Last night wasn’t pleasant for John Merrie, a professor of Metaphysics at the Scientology University, Naija. It was extremely hot and it kept him awake the best part of the night. He woke up this morning feeling dazzled and weak.
Merrie stepped out to catch the cool morning breeze on his balcony atop his one-story castle house, in Tsar, Dodan Province in Southern Nigeria.
He had momentarily forgotten about the day’s schedules, as the cool breeze streamed through his dehydrated body. Then thoughts flooded his mind. After a while, experiences of the previous night replayed and he suddenly remembered a dream he had.
He has never liked the idea of dreams, and often forgets them when he wakes up the next day. But the dream of last night was particularly appealing to him, so it played back unusually. With his body fully relaxed on the sofa, he recollected it vividly.
Then a news item on his transistor radio beside the sofa jolted him up the more. It was reviewing the recent plane crash in neighbouring Ghana. It couldn’t disclose the cause of the air mishap. But he started thinking again.
Could it be terrorists hijack, mechanical default or what? He asked himself rhetorically. But the fresh thoughts rhymed with the dream he had last night which dwelt on Naija’s terrorism battles. He dreamt Gen. Buratai’s men have captured alive, the notorious Boko Haram terrorists kingpin, Abubakar Shekau after a fierce battle in the jungles of the Northeast.
This prospect excited him and he wished it had been instantly true and that the radio news item would have announced the news. He whispered to his housemaid for a glass of cold water. He gulped and heaved a sigh of relief.
“Poor dude Shekau,” he said to himself, the game is over for you.
Merrie hated dreams because for him, dreams were premonitions of reality around him. And since most dreams were about something dreary, the odd and the fearful, he preferred nights without dreams. But he loved the one on Shekau’s capture.
So, at last, soldiers would bring this criminal alive for all Nigerians to see? That day shall be declared national holiday to enable all Nigerians get to where he is held captive to catch a glimpse of him. Shekau, this teenager has caused so much pains and sorrows to our people and families.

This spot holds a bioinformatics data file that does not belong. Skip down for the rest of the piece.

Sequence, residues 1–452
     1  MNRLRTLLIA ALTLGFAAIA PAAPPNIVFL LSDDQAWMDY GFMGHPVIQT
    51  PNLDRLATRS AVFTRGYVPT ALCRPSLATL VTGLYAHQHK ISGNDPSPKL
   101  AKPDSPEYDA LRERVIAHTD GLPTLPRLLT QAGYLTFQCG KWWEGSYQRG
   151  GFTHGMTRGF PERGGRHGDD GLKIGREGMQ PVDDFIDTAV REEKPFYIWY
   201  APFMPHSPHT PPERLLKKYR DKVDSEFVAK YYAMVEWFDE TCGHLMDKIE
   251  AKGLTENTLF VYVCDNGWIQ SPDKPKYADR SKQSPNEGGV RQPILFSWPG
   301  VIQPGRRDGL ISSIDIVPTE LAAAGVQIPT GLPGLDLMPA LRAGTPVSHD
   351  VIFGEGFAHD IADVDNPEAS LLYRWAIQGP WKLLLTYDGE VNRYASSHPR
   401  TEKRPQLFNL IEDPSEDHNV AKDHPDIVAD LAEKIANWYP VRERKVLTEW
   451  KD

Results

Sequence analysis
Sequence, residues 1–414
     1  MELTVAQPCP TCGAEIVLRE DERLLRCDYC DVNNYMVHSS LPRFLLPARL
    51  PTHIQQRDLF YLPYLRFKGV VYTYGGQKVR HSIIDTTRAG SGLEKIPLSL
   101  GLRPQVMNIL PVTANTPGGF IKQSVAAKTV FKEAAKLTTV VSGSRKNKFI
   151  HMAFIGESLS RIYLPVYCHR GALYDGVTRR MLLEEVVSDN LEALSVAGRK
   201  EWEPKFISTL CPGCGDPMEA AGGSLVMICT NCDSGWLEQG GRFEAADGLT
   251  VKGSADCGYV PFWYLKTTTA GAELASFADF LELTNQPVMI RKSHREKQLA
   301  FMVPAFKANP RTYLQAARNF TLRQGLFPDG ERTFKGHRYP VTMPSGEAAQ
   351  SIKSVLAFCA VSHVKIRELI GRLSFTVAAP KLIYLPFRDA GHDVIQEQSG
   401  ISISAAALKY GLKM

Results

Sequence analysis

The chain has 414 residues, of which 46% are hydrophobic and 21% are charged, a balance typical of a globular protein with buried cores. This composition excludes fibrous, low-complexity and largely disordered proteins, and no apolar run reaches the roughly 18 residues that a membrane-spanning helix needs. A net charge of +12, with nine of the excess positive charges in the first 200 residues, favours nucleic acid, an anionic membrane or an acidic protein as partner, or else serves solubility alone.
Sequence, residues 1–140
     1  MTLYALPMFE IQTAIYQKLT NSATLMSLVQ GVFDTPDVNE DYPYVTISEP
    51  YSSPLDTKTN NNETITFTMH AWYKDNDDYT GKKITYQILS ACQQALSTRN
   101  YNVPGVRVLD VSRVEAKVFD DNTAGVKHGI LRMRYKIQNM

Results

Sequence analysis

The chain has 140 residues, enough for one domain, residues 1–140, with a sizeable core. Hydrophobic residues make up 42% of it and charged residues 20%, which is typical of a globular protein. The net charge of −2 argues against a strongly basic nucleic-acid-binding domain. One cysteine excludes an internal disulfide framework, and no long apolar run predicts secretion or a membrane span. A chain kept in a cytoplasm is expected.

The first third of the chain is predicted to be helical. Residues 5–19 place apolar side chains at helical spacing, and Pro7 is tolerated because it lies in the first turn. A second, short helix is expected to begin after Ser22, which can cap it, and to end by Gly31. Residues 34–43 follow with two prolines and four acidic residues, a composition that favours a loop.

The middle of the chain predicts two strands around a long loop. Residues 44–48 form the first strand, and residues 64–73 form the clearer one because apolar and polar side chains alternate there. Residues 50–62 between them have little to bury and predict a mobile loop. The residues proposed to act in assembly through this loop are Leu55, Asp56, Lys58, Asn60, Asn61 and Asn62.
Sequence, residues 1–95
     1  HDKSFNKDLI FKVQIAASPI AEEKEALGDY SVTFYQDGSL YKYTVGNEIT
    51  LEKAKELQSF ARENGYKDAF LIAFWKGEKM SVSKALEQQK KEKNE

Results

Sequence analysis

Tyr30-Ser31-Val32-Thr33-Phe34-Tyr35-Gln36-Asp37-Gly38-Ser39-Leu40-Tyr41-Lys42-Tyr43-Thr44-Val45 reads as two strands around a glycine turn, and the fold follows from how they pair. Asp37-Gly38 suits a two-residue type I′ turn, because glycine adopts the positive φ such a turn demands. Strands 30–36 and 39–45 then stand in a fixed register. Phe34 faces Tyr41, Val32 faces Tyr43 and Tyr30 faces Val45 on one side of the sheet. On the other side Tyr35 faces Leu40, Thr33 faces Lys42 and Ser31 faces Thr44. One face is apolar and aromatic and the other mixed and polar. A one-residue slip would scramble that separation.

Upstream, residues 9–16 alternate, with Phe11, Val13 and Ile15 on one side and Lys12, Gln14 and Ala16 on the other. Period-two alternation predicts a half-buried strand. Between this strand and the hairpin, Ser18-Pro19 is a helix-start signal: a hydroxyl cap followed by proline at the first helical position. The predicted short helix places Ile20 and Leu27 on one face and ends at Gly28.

He placed Nigeria on the cusp of destruction, until Buratai was appointed to lead the counter-insurgency war. He escaped the last attempt at his capture when the army invaded and captured the Sambisa forest in Borno. They searched for him everywhere, but alas, he had mysteriously escaped again. Only his flag and a personal copy of the Holy Koran was recovered from the Camp Zero fortress he had hidden all these years to torment the people.
For almost one hour, Merrie was transfixed on his sofa, exploring the world of terrorism and the Nigerian Army in his mind. To him, Gen. Tukur Yusufu Buratai, the Army Chief struck him with the image of a soldier, with a brave heart, which is a powerful weapon. He wondered how he dexterously marshaled his forces against terrorists and succeeded in decapitating and defeating them within a short time. He was more pleased to recollect that before now, it seemed impossible and berserk terrorists could strike and dare everybody.
Now, they are fleeing, surrendering themselves or hiding in unusual hideouts, not to strike again, but more preoccupied with how to escape to safety. They now hide to strike, even at it; soldiers catch them in their tracks. They are no more gallant rebels, but cold, sheepish fiends who have lost the strength and power to haughtily assail Nigerians violently and brag about it in the open.
He laughed it out aloud and murmured, “those were the bad old days, when soldiers retreated before them. But not now! No, never again; with Buratai, their nemesis, still on the saddle of the anti-terrorism campaigns. Then he remembered the famous words of Martin Luther that “Our lives begin to end the day we become silent about things that matter.”
Buoyed by its sense, Merrie vowed to speak out. “This soldier qualifies for a gold medal in soldiering,” he muttered aloud.